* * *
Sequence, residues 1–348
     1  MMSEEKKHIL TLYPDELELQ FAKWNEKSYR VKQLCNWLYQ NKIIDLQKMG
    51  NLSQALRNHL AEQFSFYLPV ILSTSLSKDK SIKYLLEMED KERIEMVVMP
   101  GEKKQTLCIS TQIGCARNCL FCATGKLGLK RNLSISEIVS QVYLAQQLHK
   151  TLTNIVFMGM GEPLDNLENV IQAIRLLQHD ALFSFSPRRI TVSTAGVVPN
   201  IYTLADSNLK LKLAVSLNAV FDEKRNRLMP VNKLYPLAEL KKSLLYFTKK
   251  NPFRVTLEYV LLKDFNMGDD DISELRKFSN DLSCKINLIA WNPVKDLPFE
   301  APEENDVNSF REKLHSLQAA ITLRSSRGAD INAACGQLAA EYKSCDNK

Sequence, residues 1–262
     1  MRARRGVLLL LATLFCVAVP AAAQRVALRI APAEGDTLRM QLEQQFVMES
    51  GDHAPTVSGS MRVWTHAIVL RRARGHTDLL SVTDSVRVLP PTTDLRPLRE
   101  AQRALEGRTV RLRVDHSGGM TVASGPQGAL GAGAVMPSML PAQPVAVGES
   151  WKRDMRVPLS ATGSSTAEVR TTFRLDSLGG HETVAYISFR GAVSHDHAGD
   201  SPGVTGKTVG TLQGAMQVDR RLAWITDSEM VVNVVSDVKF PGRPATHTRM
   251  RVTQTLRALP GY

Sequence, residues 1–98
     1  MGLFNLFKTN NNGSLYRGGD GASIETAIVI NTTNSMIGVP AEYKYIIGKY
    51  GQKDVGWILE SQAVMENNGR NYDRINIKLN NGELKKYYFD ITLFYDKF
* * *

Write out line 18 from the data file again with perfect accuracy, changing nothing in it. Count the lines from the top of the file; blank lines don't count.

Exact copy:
    51  GQKDVGWILE SQAVMENNGR NYDRINIKLN NGELKKYYFD ITLFYDKF